Re: first line of defense

From: Mike Lorrey (
Date: Mon Oct 01 2001 - 18:34:03 MDT

Spike Jones wrote:
> John Grigg wrote:
> > And walking around in such garb with a rifle slung over my shoulder could give people reason to panic...
> It shouldn't. They would know why you were doing it, in the event of
> an attack. Most rifles are perfectly legal even in Taxifornia. Whenever
> there is a right-to-bear-arms demonstration around here, one often sees
> guys milling around with elephant guns slung over the shoulder, as there
> are never any laws against those. I assume anything up to but not
> including an M60 is legal here. Perhaps Mike Lorrey knows.

Anything that looks remotely 'military' is generally considered a 'bad
gun' in Taxifornia, but there is a list of various 'assault' features,
and any rifle must have three or less of these to be legal, unless they
were sold to the public prior to a particular date . For example, you
don't need a bayonet lug to defend against a crop duster (unless he is
flying REALLY low ;P)

Actually, if you wanna do well with a truly legal gun, you can't go
wrong with a ten guage shotgun chambered for a 3.5 inch magnum shell.
Mossberg makes these relatively cheaply, in pump and semi-auto versions,
with rifled barrels no less. They can be used for turkey or high flying
goose hunting. If you can hit a goose with a ten guage (which is the
standard), you should be able to hit a crop duster with it. Use magnum
loads with double ought buckshot.

You can also get the barrel of the ten guage with adjustable chokes. The
choke is the area at the muzzle of the barrel, which provides some
degree of constriction to help provide the desired pattern of shot. Full
choke provides the tightest pattern of shot, which you would use for the
longest range shots.

I've seen guys take down Canada geese flying so high they were just
specks in the air with a magnum chambered ten guage shotgun.

At several hundred yards, you should have a shot pattern a couple feet
across with each shot. A couple of those shots should do some definite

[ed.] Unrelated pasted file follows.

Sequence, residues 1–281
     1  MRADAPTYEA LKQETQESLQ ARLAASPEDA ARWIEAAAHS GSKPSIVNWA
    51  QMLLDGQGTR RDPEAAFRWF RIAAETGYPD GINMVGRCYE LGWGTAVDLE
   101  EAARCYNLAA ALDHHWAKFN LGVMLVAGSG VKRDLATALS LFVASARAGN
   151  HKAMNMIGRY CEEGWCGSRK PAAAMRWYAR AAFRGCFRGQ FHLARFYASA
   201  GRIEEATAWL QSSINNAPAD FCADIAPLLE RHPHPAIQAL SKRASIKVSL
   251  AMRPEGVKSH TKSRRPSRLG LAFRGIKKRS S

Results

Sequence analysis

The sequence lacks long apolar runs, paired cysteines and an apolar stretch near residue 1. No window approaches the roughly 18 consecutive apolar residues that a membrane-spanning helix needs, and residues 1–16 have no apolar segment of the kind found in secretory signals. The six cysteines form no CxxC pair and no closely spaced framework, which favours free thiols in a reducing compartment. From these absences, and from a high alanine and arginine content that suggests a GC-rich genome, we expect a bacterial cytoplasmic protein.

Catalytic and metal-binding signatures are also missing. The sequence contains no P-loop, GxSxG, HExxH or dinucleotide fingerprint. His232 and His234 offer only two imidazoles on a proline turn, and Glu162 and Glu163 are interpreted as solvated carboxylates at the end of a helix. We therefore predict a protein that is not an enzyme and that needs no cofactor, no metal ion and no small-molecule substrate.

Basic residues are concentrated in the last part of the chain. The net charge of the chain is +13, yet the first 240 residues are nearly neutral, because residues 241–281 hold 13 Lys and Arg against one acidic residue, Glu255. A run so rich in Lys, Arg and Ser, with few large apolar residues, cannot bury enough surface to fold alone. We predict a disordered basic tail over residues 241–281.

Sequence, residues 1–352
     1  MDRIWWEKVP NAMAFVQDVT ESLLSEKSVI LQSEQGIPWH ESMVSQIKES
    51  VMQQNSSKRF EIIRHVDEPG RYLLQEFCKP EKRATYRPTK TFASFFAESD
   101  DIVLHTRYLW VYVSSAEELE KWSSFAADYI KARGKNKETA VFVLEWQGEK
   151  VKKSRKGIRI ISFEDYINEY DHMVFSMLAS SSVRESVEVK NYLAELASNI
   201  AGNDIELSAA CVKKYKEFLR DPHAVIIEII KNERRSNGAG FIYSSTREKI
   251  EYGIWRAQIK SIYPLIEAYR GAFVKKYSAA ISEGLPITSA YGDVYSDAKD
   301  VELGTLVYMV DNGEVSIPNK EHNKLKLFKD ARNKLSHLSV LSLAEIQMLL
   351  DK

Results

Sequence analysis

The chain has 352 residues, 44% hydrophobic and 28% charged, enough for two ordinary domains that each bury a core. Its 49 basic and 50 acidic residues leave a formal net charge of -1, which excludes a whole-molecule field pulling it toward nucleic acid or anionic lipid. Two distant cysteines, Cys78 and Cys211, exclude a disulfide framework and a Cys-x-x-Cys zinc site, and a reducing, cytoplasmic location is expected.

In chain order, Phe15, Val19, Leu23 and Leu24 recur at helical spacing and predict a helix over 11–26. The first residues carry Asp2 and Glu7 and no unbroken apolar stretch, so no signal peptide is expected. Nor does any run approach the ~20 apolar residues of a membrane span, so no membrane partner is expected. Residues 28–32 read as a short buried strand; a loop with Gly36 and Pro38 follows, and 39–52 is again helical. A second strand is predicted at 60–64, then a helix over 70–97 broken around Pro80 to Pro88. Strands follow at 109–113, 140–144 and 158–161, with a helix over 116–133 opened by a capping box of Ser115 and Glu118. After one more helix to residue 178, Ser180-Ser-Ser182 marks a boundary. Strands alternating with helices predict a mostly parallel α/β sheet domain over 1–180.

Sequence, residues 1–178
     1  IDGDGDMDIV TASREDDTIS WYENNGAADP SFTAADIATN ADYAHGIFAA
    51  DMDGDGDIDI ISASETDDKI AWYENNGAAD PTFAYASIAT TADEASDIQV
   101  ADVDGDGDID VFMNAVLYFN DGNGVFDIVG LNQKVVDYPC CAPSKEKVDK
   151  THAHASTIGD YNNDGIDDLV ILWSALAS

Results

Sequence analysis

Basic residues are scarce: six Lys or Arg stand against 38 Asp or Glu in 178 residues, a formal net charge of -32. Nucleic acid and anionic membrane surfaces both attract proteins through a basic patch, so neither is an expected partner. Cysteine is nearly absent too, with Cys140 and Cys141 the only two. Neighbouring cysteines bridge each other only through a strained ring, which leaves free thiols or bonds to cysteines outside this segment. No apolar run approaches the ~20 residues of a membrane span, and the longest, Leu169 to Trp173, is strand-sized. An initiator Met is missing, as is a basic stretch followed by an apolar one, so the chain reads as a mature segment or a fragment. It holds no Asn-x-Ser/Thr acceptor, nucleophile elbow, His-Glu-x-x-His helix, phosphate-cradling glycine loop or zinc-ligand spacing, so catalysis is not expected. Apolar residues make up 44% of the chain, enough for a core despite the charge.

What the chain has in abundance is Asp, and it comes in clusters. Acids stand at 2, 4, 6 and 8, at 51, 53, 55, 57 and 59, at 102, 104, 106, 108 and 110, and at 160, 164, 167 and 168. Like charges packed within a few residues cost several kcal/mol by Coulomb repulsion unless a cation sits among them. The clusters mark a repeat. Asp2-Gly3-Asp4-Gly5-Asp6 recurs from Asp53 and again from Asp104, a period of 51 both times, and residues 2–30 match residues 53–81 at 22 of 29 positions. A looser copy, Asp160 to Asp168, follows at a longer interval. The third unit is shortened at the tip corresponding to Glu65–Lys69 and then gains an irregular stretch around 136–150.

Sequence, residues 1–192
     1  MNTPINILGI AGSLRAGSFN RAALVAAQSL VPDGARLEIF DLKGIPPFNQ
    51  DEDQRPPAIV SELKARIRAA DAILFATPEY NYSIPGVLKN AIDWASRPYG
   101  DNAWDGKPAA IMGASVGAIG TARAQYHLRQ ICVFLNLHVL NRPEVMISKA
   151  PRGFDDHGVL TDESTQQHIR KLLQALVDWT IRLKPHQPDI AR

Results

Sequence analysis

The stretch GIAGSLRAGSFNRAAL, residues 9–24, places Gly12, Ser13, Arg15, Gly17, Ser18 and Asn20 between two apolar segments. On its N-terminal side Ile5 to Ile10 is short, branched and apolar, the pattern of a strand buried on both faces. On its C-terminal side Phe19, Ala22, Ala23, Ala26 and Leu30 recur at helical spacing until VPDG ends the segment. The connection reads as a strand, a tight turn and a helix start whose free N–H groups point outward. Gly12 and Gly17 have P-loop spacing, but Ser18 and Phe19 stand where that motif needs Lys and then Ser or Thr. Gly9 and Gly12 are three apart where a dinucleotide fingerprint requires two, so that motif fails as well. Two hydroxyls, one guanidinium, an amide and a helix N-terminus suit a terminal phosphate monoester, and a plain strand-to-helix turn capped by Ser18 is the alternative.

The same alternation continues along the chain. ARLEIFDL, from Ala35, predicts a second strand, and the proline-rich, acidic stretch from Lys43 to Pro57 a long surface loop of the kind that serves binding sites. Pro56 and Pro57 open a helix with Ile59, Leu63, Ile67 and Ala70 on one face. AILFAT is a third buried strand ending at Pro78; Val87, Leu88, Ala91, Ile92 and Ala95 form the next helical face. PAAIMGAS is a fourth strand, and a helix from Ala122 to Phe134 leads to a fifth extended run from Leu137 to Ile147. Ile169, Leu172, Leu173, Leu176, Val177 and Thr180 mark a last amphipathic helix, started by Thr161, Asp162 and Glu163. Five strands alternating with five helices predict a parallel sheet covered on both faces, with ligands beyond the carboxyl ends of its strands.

damage to a crop duster... it doesn't matter, see, that the shot is
moving very fast when it hits the plane. The plane is already moving
really fast, so it does its own damage by hitting the shot, even if the
shot is simply grabbing hang time at the top of its arc.

> I took a ride over to the local sporting goods store today and found
> that I can get a cheapy 30 aught six for about 250 bucks. There are
> plenty of WW2 vintage weapons available there for about 100, which
> look like they would serve this application perfectly. I didnt pick one
> out. I still wanna see if I can find tracers.

Tracers are decent. You might also look into other ammo, like exploding
rounds, smoke rounds, etc. There are also various types of tracer round,
designed for early and late flaring.

Now, shooting at planes is nothing new. When I was in the USAF stationed
in New Mexico, the F-111's I worked on had the number one airframe
problem being bullet holes from farmers pissed at their cattle being
spooked by low flying nape of the earth planes.... A rifle shoots a
single bullet, and most places you shoot at a plane will have little or
no effect on it. You put a bunch of shot at it, you are more likely to
cause some damage. The skin of a plane is rather thin, so any bullet is
not gonna do much expansion as it passes thru. Youv'e gotta hit a hard
solid metal part, one that performs an essential function, like fuel
supply, hydraulic power, power generation, controls actuation, or
propulsion (or the pilot), to cause significant damage.

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